Active Duty, Reserve, Guard Confusion

Discussion in 'Air Force Academy - USAFA' started by Qwelt, May 19, 2014.

  1. Qwelt

    Qwelt New Member

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    I am extremely confused about the difference between Active Duty and Reserves. I have read that USAFA grads are commissioned as reserve officers rather than regular officers-- does this mean they are in the Air Force Reserves and not the Active Duty Air Force?

    Also, can an Active Duty Air Force officer who is not a pilot switch into the ANG or Reserves after the 5 year commitment and become a pilot? Can an Active Duty Air Force pilot switch into the ANG or Reserves and continue to be a pilot? I have heard that the ANG only hires pilots from a civilian or ANG enlisted applicant pool, but why would they not take pilots who have already been trained in the Active Duty Air Force?

    As one larger, overarching question, is the Air Force Academy still the very best way to become a fighter pilot, or can the the ANG or Reserves give a better chance?

    Thanks.
     
  2. flieger83

    flieger83 Super Moderator Moderator

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    First, don't worry about the "commissioned as a reserve officer versus a regular officer." This goes back over 100 years; when I graduated we were all regular officers...then some years later, everyone was commissioned as "reserve" officers and had to wait until they were being considered for promotion to major to be named "regular" officers. It's a legal definition; nothing for you to worry about. Upon graduation you are in the "active duty air force" as opposed to the "air force reserve command (AFRC)."

    The second question: after 5 years switching from active duty non-pilot and picking up a pilot training slot in either AFRC or ANG? First, I'm going to make a guess: if a graduate of USAFA didn't quality for UPT upon graduation, the odds are probably pretty long against qualifying after 5 or more years of service. And then there's the age limit creeping up.

    Can an active duty pilot switch to either AFRC or ANG? Absolutely! That's how a large number of AFRC pilots enter their units. ANG units also hire active duty pilots, but both AFRC and ANG like to "grow their own" as well. But you can definitely move from active duty to either AFRC or ANG as long as you find a unit that has the plane you fly (or is willing to cross train you) and is willing to hire you.

    Lastly...the very best way to become a fighter pilot. That would be to be number 1 in your UPT class, regardless of where you graduated college from. And by number 1 I mean when you finish T-6's and are moved to T-38's. Then you finish #1 in T-38's...and then you pray that there is a fighter in the aircraft assignment in the drop that you get! There might be 8 of you in T-38's...and when the drop comes: 3 FAIP's (T-6 or T-38 assignments), 2 B-1B's, 1 B-2, 1 B-52, and a C-17. Oops! No fighters! Yes, that can happen. Or it might be your lucky night and there will be 3 F-16's, 2 F-15E's, 1 F-15C, 1 F-22, 1 A-10. It's all dependent upon the needs of the AF at that time.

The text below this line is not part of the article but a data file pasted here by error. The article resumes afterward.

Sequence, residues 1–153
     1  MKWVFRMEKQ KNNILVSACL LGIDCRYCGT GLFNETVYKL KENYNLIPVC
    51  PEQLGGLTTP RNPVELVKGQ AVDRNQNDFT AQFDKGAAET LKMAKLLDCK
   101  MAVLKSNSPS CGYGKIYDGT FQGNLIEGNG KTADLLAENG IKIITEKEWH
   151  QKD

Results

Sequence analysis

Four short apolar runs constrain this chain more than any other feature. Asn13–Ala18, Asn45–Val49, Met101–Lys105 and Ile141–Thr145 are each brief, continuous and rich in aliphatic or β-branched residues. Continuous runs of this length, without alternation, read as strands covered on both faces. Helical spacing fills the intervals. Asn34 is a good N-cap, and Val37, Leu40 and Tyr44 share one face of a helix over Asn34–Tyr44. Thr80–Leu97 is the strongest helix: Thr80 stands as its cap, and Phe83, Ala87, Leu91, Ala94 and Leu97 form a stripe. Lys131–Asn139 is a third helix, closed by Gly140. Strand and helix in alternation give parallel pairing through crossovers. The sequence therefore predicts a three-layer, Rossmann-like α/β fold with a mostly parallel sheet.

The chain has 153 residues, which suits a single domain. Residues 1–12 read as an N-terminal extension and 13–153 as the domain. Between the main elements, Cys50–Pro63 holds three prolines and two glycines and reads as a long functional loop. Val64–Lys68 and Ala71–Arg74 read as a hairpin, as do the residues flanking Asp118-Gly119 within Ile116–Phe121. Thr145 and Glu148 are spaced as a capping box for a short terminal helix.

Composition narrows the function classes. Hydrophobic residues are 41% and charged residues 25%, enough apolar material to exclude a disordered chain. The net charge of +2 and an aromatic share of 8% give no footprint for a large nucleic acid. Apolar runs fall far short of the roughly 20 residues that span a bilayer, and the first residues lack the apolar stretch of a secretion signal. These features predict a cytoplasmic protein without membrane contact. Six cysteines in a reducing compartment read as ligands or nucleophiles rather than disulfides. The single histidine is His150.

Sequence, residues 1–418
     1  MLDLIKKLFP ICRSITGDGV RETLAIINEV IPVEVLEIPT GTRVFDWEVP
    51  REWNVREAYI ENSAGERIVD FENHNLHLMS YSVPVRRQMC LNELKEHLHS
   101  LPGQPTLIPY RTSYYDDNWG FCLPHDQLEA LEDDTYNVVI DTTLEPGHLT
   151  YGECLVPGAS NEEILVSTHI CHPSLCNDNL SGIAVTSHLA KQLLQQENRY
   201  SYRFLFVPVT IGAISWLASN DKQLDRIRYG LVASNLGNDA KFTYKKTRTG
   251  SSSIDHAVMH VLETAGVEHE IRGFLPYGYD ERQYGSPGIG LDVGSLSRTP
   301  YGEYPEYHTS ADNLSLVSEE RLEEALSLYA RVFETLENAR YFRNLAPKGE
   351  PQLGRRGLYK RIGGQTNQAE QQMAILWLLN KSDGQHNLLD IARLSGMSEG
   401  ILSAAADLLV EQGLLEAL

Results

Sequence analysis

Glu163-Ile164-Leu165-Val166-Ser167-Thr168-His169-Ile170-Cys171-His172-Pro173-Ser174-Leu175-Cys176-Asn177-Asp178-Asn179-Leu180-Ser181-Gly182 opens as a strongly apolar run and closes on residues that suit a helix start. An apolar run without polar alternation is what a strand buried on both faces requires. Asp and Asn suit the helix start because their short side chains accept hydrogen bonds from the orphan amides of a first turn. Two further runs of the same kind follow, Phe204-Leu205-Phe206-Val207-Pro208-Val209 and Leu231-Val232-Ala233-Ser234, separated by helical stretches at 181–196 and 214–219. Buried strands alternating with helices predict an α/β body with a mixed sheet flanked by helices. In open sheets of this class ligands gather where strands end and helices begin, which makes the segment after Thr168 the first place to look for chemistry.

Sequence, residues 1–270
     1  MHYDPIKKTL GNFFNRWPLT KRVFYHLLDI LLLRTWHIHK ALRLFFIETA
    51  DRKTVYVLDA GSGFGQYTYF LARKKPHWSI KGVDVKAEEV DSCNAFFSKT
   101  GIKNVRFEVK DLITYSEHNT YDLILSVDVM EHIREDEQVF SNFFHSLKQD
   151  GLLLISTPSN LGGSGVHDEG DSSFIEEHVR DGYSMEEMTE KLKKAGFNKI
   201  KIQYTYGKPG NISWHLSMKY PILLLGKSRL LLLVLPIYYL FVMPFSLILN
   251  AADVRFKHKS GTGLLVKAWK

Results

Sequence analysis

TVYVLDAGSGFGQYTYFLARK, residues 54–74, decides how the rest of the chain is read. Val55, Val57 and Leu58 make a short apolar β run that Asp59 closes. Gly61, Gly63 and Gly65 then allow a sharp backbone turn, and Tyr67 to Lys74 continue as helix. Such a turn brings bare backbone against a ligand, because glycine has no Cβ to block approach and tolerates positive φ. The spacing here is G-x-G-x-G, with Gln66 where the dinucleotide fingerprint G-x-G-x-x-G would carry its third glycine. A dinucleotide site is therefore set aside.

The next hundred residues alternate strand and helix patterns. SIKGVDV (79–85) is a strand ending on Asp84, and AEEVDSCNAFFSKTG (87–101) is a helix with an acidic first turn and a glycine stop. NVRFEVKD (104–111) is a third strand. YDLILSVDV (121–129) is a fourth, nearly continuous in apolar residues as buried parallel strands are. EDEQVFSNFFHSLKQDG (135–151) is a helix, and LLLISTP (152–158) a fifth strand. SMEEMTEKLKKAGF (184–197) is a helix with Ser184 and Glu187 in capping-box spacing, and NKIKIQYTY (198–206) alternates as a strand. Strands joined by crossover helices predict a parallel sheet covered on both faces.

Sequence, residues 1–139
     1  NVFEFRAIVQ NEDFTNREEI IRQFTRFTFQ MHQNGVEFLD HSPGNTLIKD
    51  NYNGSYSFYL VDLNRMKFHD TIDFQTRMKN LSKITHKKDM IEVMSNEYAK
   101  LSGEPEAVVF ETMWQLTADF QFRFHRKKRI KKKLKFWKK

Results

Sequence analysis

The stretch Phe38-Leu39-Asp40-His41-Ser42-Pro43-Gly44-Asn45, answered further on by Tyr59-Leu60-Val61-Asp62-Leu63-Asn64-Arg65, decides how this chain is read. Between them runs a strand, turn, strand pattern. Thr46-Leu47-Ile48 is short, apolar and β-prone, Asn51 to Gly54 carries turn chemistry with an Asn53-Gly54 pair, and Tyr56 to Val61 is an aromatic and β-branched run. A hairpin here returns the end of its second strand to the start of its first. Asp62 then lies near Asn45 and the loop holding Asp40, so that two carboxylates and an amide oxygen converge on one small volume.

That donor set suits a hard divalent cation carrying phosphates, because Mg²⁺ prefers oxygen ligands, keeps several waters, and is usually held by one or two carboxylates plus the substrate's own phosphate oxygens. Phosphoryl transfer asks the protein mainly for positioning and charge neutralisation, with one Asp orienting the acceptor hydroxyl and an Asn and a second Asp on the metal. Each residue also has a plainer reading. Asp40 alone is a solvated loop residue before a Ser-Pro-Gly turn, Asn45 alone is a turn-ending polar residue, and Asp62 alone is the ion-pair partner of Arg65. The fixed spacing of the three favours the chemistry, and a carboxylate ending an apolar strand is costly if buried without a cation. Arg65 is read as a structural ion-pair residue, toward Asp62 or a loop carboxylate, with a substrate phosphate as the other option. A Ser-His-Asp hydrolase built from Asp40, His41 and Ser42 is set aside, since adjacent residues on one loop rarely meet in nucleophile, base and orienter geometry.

Steve
    USAFA ALO
    USAFA '83
     
  3. raimius

    raimius USAFA Alumnus

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    Well, there is no guaranteed way to b a fighter pilot. It just depends on where you want the selection to take place. For active duty folks, it is during UPT. The top students have the best shot at getting what they want. There is usually at least one fighter per class, but that's not a guarantee.
    The other way would be to go Guard or Reserve and be hired by a unit that flies fighters. That way, as long as you do decently at UPT, you'll have that job upon getting qualified. The selection there is finding a unit willing to hire you that flies fighters (and them continuing to fly fighters...some units get switched to things like Reapers or transport aircraft.)
     
  4. E.Cadet.18

    E.Cadet.18 Member

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    What does it take to be number 1 in your UPT class? Is it based on a GPA type system or another scoring system? Is your rank mainly dependent upon classroom/book work or actual hands on training/flying? If it is a combination of both, approximately what is the percentage ratio of class:practical (for instance: 60% classroom:40% hands on training). Thanks for any insight.
     
  5. buffalo

    buffalo USAFA 2013

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    Class ranking is a combination of your check ride grades, daily ride grades, flight commander's ranking, and academic grades.

    As flieger and raimius have said, if you want fighters, work hard to get to the top of your class. My class just tracked for phase three last week. Out of 25 students in the class, five went to T-38s.
     
  6. aggie83

    aggie83 Member

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    Not to take away from striving to guarantee a top spot for tract select and drop, but sometimes, the top graduates don't even want the fighter/bomber track, so you could conceivably not be as highly ranked as you need to be to get T-38's and still get them.
     

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